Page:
It turns out that the books — all 20 or so of them, castoffs from backpackers — were locked up in a cabinet. "The school was worried that the kids would damage them. The irony of that never escaped me."
At the urging of the school, Wood left that day with a homework assignment: Get more books. Back in Kathmandu, he sent an email to 100 or so friends and colleagues. He described his experience and asked them to ship books to his parents' home in Colorado. Within a month, more than 3,000 books had arrived (Wood's father had to move his car out of the garage to make room). "I wish I had saved that original email," Wood says wistfully, "because it turned out to be a seminal moment in my life. When I hit the 'send' button on that message, I put into play something that ended up being so much bigger than I ever thought it would be."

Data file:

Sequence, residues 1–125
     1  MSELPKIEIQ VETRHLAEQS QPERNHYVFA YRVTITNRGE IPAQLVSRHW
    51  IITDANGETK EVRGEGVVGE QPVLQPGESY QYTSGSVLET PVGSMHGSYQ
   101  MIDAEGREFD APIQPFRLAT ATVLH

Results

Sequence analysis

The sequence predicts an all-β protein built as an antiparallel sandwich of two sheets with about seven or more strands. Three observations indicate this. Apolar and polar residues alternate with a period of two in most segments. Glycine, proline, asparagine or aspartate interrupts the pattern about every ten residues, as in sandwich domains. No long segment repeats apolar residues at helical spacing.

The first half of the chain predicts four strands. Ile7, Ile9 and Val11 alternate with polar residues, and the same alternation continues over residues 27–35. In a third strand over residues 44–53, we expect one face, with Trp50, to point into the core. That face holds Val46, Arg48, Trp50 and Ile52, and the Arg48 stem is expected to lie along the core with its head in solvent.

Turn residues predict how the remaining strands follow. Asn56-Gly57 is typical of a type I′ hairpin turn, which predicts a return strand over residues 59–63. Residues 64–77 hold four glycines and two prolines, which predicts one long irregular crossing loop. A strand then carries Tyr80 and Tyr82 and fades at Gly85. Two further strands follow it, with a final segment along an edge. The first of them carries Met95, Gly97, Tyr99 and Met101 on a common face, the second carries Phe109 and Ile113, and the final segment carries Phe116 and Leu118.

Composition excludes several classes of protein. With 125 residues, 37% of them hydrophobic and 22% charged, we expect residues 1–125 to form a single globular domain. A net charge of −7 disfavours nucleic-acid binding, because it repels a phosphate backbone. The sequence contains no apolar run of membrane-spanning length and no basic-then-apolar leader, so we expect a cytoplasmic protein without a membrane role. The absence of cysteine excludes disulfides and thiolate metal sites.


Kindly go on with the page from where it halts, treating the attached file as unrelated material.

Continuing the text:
But Wood didn't reinvent himself immediately. Shortly after returning from his trek, he received an offer he couldn't refuse and rejoined Microsoft, this time in China. He continued his work in Nepal, expanding beyond books to building schools. Then, in the summer of 1999, he made his third trip to Nepal. And at the first of two school-opening ceremonies there, he realized that it was time to turn his extracurricular activities into a full-time pursuit. "I loved my job," Wood says. "I thought Microsoft was a great company, and I loved working there. But seeing those new schools and seeing the pride of the villagers — it was one of the most amazing moments in my life."
He returned home and left Microsoft for good.
All Heart, All Business